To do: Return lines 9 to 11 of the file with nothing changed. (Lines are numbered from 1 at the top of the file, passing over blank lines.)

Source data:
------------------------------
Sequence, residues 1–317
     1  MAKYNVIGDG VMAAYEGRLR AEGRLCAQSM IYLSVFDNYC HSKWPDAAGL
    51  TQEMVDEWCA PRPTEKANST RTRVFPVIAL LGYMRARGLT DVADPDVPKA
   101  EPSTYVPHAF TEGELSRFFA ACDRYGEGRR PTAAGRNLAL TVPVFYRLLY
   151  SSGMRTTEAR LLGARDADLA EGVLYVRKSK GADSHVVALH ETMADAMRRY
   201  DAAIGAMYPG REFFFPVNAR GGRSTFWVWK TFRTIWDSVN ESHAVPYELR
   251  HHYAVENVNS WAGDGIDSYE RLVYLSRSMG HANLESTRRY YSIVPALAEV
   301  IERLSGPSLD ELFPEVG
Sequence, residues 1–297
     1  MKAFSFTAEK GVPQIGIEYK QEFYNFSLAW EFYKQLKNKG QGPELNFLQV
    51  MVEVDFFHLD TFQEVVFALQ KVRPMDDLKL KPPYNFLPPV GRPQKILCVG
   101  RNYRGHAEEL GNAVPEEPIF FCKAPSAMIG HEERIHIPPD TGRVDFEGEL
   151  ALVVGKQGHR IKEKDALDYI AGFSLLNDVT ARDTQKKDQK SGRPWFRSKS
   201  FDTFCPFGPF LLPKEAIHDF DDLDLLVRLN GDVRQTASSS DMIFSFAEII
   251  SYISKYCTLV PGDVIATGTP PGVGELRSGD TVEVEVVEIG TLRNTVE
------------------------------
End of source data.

Sequence, residues 1–297
     1  MKAFSFTAEK GVPQIGIEYK QEFYNFSLAW EFYKQLKNKG QGPELNFLQV
    51  MVEVDFFHLD TFQEVVFALQ KVRPMDDLKL KPPYNFLPPV GRPQKILCVG